Before COVID became a part of your everyday vocabulary it was hard to know that it would change your life forever in so many ways including your health. How you may interact with clients and how you handle your own health has surely been affected in some way or another. “Only time will tell how COVID has affected the meaning of health. We are still only scratching the surface of what we actually know about COVID and its long term effects.” explains Dr. Ari S. Hoschander, MD, FACS
With World Health Day just around the corner you might be thinking of the ways you have revised your health goals and the meaning of it overall. The pandemic has changed the way we work, interact with others and basically live our day to day lives. Each person has gone through their own personal journey during this time, having an understanding of this will not only help you to serve your students better but also makes you more relatable to what they may be going through.
“I think “health” pre-covid was often equated with looking physically fit. A large percentage of clients came to me solely for weight loss. While losing weight is a result of a healthy lifestyle, people were not necessarily focusing on their immune health, potential risk factors, or if they are young there wasn’t much discussion on how to live longer. After this pandemic, people have begun to question their mortality.” shares Danielle Pashko a Holistic Nutritionist
You may notice that there has been a shift in people’s mindset, perhaps your clients have started to express a deeper appreciation of their own health than they did in the past. Having open discussions about their wellness goals, preventive healthcare and how to be your own healthcare advocate is an opportunity to encourage your students to not sit on the sidelines but instead be proactive about their health on a regular basis.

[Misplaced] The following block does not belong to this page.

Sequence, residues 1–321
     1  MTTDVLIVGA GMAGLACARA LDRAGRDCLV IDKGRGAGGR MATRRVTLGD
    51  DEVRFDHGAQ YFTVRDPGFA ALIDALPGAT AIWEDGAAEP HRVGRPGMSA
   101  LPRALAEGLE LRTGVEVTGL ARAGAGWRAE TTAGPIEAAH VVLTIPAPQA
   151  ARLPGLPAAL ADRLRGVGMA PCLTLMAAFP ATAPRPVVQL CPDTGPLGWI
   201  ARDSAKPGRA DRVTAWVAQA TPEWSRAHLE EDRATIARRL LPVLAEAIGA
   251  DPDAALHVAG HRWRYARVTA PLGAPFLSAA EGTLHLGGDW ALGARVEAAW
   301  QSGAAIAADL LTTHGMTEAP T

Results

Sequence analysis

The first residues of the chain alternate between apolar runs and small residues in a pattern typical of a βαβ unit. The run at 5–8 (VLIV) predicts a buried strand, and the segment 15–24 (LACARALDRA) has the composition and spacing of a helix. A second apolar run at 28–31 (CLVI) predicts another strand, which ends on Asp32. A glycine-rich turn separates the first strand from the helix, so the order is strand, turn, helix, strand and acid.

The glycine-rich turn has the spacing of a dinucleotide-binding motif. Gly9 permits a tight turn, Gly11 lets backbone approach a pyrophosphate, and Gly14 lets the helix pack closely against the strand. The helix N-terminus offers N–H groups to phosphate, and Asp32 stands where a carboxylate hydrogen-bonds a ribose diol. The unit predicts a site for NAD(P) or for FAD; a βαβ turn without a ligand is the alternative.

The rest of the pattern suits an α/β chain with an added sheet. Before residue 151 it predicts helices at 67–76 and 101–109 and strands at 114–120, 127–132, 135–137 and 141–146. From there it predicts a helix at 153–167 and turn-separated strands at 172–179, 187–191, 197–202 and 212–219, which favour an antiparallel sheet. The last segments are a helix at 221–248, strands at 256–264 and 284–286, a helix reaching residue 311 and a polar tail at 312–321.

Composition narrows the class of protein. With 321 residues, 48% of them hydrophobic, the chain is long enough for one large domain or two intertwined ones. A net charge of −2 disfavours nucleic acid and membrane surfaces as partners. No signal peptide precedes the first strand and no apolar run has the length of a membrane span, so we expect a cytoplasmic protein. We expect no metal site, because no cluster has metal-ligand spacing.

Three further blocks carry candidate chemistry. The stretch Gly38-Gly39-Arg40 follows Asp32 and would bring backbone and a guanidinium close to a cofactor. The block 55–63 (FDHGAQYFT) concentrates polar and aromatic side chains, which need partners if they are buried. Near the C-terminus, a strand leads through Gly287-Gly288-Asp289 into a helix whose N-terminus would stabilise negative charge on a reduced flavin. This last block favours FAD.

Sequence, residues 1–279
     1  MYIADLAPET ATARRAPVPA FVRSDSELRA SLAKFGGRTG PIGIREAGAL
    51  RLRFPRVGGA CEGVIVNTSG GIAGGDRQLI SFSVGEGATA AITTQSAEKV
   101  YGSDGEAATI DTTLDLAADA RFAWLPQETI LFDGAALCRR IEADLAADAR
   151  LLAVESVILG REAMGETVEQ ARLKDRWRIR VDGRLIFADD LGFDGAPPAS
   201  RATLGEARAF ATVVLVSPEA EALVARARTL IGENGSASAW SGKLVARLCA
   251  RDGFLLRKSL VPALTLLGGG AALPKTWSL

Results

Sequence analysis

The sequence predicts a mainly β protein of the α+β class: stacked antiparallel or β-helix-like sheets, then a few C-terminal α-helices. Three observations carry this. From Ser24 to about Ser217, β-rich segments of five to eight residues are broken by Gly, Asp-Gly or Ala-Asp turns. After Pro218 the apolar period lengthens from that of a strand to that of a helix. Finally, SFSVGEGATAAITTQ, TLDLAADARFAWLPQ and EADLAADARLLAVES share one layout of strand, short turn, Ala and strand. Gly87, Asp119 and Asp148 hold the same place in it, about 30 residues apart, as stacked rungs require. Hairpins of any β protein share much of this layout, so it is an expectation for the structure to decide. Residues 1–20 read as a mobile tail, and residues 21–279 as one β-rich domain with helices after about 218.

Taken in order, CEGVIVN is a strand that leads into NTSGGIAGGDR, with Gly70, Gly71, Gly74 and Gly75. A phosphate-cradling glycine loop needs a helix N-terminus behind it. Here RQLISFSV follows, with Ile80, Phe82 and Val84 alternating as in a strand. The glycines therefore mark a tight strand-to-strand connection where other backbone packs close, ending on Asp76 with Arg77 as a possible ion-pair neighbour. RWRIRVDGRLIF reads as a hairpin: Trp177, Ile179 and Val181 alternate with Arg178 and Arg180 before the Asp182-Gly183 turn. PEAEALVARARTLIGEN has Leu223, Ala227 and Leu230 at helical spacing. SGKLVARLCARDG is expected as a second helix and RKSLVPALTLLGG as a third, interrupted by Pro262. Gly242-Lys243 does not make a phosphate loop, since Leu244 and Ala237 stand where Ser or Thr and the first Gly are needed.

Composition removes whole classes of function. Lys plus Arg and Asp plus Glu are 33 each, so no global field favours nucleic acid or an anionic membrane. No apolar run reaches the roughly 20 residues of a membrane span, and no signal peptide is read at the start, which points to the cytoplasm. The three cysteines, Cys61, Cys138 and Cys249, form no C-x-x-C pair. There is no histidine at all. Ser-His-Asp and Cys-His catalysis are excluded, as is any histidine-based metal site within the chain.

More questions are being asked than they have in the past, Danielle says, “They want to know how to be protected from other potential health issues.” The pandemic although a scary time has sparked interest in understanding the importance of exercise, good nutrition and mental health.
COVID forced every industry to pivot their approach on how to connect with their audience. Technology has played a major role in how individuals are becoming a major player in their own healthcare story. Telehealth, remote monitoring and online classes allowed people to explore wellness offerings outside of their immediate reach. With this change comes a learning curve that broadens the awareness from what tests you should be requesting at your yearly doctor’s visit to the best workout classes that are ideal for you.
The scope on how to attain good health has definitely expanded past “gym life”. What it means to be healthy can include:
- Prioritizing activities that will promote a better well-being.
- Improved sleeping patterns.
- Experiencing nature or taking fitness outdoors.
- Making time for self-care (journaling, meditation or rest).
- Being mindful of your mental health (recognizing stress, anxiety and burnout).
- Starting or modifying an exercise program.
One thing is for certain, being healthy means to be vigilant about your own health daily and not when a problem arises. The pandemic definitely helped to drive this message home